Kudos to Automotive Art for excellent service 👍🏼👍🏼

As a trainer, I view service interactions through a critical lens. Did the attendant greet me first? What is their non-verbal communication conveying? Do they need training? The employees of Automotive Art definitely do not. My recent interactions there demonstrated hallmarks of excellent service, from start to finish. Here is how it went.

I was sent to buy coolant – a special type. To ensure I bought the correct one, I entered Automotive Art with a half full bottle. Immediately on entering, an attendant greeted me, looked at the bottle and asked if I had come to buy one. He had been dealing with a customer and after I answered “yes,” he asked the customer for permission to go and get the coolant for me. He was back within 30 seconds. Two points of excellence thus far.

Next, he told the security guard that I had brought in one of the bottles so I would be paying for only one. The guard did not immediately acknowledge him because he too was dealing with a customer. The attendant repeated it to ensure he had heard.

At the cashier, it appeared that a trainee was handling the station, with her trainer close by. Before I could speak, the guard told the trainer that I had to only pay for 1. When the trainee had completed the transaction before mine, she looked and saw that I had 2 bottles and asked the trainer if I was paying for 2. The trainer told her only 1, and that I had brought my own. More brownie points!

While the cashier was dealing with me, the trainer noticed I was wearing a T-shirt with the name of a secondary school on it. She asked me if I had gone to that school. I said yes and she said she also had attended that school. I joked that I was old enough to be her mother. That encounter ended and next, the security guard checked the bill and my purchase. I had paid by credit card and asked him for a stapler to fasten the slip to the receipt. He did not have one, however, he went and got one.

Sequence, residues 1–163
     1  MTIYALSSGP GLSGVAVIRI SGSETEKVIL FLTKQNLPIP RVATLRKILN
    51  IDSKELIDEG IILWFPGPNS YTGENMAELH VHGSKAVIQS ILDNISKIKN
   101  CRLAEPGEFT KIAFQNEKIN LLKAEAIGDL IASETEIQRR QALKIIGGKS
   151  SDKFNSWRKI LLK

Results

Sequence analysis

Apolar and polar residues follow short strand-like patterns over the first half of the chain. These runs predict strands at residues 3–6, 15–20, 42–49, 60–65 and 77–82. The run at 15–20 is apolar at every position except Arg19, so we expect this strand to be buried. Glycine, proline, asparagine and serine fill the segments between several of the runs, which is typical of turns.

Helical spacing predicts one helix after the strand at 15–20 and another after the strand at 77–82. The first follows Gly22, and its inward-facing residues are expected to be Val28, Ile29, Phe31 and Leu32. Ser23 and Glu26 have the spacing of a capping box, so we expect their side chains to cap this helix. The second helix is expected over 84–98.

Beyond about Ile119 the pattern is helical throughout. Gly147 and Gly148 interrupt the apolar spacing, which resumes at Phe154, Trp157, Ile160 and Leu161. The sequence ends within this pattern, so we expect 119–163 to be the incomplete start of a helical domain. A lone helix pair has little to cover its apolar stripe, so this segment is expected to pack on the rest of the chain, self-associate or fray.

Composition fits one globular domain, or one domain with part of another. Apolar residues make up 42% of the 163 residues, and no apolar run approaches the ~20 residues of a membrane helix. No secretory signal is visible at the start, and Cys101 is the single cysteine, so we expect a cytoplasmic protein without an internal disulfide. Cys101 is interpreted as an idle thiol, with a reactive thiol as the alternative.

I was in and out in under 10 minutes and I was not the only customer.

What was so good about this experience?

  1. I was greeted first, with a smile and eye contact and offered assistance.
  2. I got served quickly.
  3. The attendant requested permission from another customer first, before he assisted me.
  4. Each attendant passed on information, ensuring I didn’t have to repeat it.
  5. All employees were helpful and pleasant.
  6. The trainer engaged me in conversation.

Delivering excellent service is really not that difficult. Ask Automotive Art how they did it. They certainly don’t need my help.

Learning Alert: Digital Strategies

As I look towards 2018 and a changing work situation, I am trying to refresh skills which would serve me well from 2018. I decided to invest in this event run by Christian Junior. If I learn with 2 new skills, I would be happy. 

Here is Christian in action.




One of the five dimensions of the SERVQUAL model of Service Quality is Responsiveness. The usual explanation of this dimension is “the willingness to help customers and to provide prompt service,” suggesting that it is applicable to a real time service experience. After an incident at the supermarket one day, I chose to test their degree of Responsiveness over 24 hours.